I worked on organizing my seeds yesterday. The binder worked really well. Its not all finished but its well on the way. I love being able to turn pages in the 3 ring binder and find out at a glance how much I have of what. I found that I must want marjoram and thyme--as I've managed to buy 2 packs of seeds for them recently. That's another good reason to get better organized with my seeds--to avoid over and under buying.
I did make some little paper seed packets using the pattern from WinterSown.org I did not however print them out. Instead I just folded a piece of paper in half twice, traced a printed out seed packet on it and then cut out four seed packs at once. I like to be efficient too. ;) They are blank but I just wrote what I wanted on them. Any kind of paper could be used to make a seed packet--even old envelopes. This is therefore I nice little 'green' idea.
For my purposes I only need a little info written on my seed packs--I write the name of the seed and what year the seeds were grown--the older they get the more 'iffy' germination becomes. I also jot down which season they grow best in. Here in the Carolina's we can grow things almost all year--if they are the right things planted at the right time. (although... looking out at the snow today, I'm kind of glad I haven't started much yet this year) We have warm seasons and cool seasons. Some plants can grow through all our seasons, some need to be grown in summer and some in fall. That info is useful to me, I know many of the seeds now well enough, but not all. I didn't know for instance that I could get 2 crops of fennel by the end of summer if I wanted to. I don't need to know so much about spacing and all that because I've been gardening a long time and I have my own sense of that sort of thing. I like the tiny packets--they will work well for seed trades too, generally I do those by mail when I do them, a small packet won't cost so much to mail.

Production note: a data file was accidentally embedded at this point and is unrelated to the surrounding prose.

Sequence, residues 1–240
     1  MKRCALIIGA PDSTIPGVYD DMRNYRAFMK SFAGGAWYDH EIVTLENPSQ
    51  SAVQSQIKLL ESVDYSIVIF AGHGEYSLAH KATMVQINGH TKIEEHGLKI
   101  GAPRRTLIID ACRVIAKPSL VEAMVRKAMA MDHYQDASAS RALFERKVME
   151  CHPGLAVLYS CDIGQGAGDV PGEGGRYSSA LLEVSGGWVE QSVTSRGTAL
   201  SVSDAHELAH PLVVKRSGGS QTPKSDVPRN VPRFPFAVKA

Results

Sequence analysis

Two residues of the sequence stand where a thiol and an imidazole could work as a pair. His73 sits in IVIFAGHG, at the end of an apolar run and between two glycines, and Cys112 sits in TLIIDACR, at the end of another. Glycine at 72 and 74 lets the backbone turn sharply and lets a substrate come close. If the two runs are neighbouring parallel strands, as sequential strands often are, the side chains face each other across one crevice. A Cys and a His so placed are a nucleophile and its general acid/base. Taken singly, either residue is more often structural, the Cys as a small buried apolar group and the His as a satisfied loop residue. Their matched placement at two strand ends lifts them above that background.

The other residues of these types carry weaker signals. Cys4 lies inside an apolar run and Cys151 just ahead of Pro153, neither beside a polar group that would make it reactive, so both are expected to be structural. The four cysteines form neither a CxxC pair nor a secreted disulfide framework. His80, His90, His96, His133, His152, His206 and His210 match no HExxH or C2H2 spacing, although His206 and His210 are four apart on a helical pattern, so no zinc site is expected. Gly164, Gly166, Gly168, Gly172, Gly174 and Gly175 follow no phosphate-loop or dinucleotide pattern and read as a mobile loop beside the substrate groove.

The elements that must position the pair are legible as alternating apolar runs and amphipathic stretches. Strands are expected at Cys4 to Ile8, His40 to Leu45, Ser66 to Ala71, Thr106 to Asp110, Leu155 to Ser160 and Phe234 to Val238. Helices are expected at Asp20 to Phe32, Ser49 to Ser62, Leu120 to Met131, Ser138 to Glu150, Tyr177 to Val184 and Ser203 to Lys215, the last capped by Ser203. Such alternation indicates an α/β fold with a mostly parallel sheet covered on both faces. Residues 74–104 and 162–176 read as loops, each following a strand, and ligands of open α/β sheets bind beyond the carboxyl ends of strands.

The little homemade seed packets fit perfectly in baseball card holders in my binder. Full packs of seeds in store packets I put in photo sleeves in my binder. They are bigger. This was a great way to use up that binder that I don't need for my coupons anymore.
At this time my coupon collection is just a big stack of inserts divided by name and date. This is working great. I don't cut near as many coupons as I used to and I almost always use the ones I do cut. Using Grocery Game or Coupon Mom it is a very simple thing to know exactly which insert I need to look in to find a coupon.